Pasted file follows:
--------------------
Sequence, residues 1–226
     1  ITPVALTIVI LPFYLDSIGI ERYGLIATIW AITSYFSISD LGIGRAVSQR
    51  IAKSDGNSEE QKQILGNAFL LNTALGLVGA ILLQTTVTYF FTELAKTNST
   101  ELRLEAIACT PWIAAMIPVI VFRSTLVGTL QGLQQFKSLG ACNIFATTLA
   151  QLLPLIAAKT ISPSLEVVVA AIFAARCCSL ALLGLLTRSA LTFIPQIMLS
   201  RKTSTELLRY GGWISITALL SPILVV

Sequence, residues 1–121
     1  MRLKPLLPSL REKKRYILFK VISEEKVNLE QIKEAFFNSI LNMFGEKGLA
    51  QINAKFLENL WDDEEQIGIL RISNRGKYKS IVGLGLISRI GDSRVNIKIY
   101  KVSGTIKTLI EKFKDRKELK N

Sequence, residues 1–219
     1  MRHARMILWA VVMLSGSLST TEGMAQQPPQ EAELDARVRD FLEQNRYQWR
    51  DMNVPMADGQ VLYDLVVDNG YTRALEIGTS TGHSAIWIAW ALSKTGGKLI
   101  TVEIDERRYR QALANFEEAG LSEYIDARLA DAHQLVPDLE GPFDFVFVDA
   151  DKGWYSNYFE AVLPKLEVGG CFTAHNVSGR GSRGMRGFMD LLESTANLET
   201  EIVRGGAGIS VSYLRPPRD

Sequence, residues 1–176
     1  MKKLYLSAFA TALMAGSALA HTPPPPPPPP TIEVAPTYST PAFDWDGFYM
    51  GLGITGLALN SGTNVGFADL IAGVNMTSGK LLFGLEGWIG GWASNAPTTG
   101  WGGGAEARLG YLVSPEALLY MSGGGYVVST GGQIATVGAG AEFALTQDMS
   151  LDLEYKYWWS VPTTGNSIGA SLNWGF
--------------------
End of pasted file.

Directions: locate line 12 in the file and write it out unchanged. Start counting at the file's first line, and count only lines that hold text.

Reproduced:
     1  MRHARMILWA VVMLSGSLST TEGMAQQPPQ EAELDARVRD FLEQNRYQWR